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Some 77 percent of respondents support the government’s plans to charge customers for plastic shopping bags at supermarkets, convenience stores and other retailers from July, a Jiji Press poll has shown.

According to the survey on waste conducted between Jan. 10 and Jan. 13, 49.7 percent said they are supportive of the plastic bag fee, while 27.3 percent said they are somewhat supportive.

On the other hand, 8.8 percent were against the policy, while 12.5 percent were somewhat against, bringing the proportion of respondents opposed to the move to 21.3 percent.

Women were slightly more likely to be supportive of the fee, with 79.9 percent of women respondents in favor as opposed to 74.6 percent of men.

Only 66.7 percent of those aged between 18 and 29 backed the charge, while the rate of support in older age brackets ranged between 70 percent and less than 90 percent.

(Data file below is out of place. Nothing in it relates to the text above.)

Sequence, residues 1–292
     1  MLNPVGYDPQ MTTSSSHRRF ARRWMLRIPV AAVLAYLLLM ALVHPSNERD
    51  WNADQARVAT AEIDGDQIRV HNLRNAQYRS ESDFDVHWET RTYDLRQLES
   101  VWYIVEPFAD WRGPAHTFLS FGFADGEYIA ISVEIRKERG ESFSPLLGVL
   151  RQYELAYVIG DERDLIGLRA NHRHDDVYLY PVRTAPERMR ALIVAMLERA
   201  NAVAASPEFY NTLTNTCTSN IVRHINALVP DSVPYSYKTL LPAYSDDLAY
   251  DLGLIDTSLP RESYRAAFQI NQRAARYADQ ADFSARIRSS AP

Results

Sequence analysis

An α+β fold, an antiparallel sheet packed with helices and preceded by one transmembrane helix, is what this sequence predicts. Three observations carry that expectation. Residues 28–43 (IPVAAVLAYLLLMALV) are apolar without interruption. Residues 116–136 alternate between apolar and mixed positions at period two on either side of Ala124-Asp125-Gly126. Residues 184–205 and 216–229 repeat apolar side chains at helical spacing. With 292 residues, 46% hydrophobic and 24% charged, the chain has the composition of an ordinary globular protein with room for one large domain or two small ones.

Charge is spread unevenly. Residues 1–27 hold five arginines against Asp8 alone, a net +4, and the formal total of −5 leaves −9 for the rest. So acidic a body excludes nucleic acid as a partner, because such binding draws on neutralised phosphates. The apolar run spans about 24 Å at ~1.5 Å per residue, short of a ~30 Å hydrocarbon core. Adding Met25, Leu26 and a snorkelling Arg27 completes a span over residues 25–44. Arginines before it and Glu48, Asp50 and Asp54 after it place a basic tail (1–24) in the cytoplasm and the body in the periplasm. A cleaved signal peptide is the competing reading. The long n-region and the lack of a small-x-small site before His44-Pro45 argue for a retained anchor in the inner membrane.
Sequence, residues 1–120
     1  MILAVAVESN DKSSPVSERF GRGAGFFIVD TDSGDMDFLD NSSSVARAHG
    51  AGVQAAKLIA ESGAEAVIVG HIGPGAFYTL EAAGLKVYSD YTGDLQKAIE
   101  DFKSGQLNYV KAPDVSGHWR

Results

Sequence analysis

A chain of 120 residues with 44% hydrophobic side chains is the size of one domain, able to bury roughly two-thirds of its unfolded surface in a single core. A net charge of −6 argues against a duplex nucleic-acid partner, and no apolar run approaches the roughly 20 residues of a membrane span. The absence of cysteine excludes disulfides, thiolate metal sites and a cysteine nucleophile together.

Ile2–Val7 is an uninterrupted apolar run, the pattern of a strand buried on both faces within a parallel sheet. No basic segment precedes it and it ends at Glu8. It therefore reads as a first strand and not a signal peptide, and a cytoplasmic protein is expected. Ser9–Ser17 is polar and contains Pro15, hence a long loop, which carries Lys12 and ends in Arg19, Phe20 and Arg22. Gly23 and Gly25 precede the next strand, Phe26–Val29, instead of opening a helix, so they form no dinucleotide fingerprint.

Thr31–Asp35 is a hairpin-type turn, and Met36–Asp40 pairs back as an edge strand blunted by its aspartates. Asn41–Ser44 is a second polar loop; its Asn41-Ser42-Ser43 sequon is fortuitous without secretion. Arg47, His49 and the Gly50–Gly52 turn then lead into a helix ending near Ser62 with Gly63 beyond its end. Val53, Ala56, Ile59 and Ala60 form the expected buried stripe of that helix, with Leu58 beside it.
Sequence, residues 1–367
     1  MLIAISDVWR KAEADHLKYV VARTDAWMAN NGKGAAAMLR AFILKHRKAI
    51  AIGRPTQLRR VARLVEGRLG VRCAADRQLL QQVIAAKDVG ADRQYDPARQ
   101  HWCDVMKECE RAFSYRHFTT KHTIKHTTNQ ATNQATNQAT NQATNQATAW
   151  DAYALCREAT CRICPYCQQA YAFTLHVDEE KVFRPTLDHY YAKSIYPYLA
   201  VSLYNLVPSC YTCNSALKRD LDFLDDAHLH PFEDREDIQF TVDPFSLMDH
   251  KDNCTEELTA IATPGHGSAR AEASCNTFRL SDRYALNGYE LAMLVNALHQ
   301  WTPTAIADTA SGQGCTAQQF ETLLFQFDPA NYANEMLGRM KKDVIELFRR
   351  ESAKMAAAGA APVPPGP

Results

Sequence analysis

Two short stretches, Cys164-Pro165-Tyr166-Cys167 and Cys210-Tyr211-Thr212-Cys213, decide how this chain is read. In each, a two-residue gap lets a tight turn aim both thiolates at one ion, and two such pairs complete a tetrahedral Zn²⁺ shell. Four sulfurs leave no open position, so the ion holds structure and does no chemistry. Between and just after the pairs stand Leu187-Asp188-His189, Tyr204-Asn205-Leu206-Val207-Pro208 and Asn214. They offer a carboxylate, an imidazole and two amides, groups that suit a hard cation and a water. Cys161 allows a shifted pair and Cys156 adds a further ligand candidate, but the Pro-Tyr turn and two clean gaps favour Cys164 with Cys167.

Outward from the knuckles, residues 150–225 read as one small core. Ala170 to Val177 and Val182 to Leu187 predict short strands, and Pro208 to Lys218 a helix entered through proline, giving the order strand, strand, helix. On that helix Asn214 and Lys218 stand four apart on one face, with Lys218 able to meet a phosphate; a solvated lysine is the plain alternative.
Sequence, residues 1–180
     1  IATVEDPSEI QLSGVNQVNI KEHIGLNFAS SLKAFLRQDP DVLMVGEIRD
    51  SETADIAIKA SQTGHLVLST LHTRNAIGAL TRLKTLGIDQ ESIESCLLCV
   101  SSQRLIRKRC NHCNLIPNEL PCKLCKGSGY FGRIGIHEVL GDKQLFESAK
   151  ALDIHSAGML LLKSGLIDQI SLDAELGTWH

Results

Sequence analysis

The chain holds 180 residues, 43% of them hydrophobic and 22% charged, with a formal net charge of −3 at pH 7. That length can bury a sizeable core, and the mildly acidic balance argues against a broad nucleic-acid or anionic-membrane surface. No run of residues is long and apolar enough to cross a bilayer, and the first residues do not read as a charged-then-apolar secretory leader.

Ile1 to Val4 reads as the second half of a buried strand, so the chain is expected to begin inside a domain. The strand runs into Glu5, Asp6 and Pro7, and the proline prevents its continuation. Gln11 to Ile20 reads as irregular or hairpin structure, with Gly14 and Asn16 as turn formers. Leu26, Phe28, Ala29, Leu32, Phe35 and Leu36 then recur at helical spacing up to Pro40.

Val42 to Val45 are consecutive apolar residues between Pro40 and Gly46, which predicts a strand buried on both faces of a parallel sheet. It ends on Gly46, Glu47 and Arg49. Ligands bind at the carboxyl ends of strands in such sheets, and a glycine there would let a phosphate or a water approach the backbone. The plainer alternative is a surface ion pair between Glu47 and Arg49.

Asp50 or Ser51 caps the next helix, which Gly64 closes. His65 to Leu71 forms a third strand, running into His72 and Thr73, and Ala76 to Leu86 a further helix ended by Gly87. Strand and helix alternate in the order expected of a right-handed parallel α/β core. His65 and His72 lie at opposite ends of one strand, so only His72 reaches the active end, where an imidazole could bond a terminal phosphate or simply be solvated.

The survey also asked whether the respondents are aware of the phrase “food waste.” The proportion of respondents who said they know the phrase well was 67.9 percent, up sharply from 51.2 percent in the previous survey. The share of those who did not know the phrase at all fell to 4.6 percent from 13 percent.

When asked about actions taken to reduce food waste, 73.3 percent of respondents said they make sure not to buy too much food and to use it up as much as possible, making this the most common method of cutting down food waste.

Other common methods include not throwing away food that reached its best-by date and consuming it as much as possible, adopted by 48.2 percent of respondents, and freezing leftover food to eat at another time, chosen by 39.8 percent.

The agriculture ministry estimated that food waste reached over 6.43 million tons in fiscal 2016.

The interview-based survey covered 2,000 people of 18 or older across Japan. Valid answers were collected from 62.0 percent of those contacted.

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